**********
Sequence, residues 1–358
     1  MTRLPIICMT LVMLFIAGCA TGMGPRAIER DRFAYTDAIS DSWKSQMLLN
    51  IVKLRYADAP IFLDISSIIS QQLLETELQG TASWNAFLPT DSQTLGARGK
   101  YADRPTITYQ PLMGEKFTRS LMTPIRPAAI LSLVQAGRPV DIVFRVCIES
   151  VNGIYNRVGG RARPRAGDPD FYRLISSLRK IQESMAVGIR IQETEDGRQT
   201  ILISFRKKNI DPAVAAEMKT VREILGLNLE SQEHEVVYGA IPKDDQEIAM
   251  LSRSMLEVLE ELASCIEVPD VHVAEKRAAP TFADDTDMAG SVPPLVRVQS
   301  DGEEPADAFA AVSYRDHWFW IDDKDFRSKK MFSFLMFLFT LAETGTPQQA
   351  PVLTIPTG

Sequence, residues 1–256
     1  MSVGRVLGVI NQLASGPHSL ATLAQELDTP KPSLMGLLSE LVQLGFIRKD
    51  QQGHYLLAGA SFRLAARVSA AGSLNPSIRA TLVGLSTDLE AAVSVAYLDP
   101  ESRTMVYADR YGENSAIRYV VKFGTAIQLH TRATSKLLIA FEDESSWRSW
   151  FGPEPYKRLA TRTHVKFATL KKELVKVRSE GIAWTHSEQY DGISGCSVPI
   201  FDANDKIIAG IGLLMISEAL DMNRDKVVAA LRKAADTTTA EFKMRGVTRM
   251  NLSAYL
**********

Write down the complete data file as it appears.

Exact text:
Sequence, residues 1–358
     1  MTRLPIICMT LVMLFIAGCA TGMGPRAIER DRFAYTDAIS DSWKSQMLLN
    51  IVKLRYADAP IFLDISSIIS QQLLETELQG TASWNAFLPT DSQTLGARGK
   101  YADRPTITYQ PLMGEKFTRS LMTPIRPAAI LSLVQAGRPV DIVFRVCIES
   151  VNGIYNRVGG RARPRAGDPD FYRLISSLRK IQESMAVGIR IQETEDGRQT
   201  ILISFRKKNI DPAVAAEMKT VREILGLNLE SQEHEVVYGA IPKDDQEIAM
   251  LSRSMLEVLE ELASCIEVPD VHVAEKRAAP TFADDTDMAG SVPPLVRVQS
   301  DGEEPADAFA AVSYRDHWFW IDDKDFRSKK MFSFLMFLFT LAETGTPQQA
   351  PVLTIPTG

Sequence, residues 1–256
     1  MSVGRVLGVI NQLASGPHSL ATLAQELDTP KPSLMGLLSE LVQLGFIRKD
    51  QQGHYLLAGA SFRLAARVSA AGSLNPSIRA TLVGLSTDLE AAVSVAYLDP
   101  ESRTMVYADR YGENSAIRYV VKFGTAIQLH TRATSKLLIA FEDESSWRSW
   151  FGPEPYKRLA TRTHVKFATL KKELVKVRSE GIAWTHSEQY DGISGCSVPI
   201  FDANDKIIAG IGLLMISEAL DMNRDKVVAA LRKAADTTTA EFKMRGVTRM
   251  NLSAYL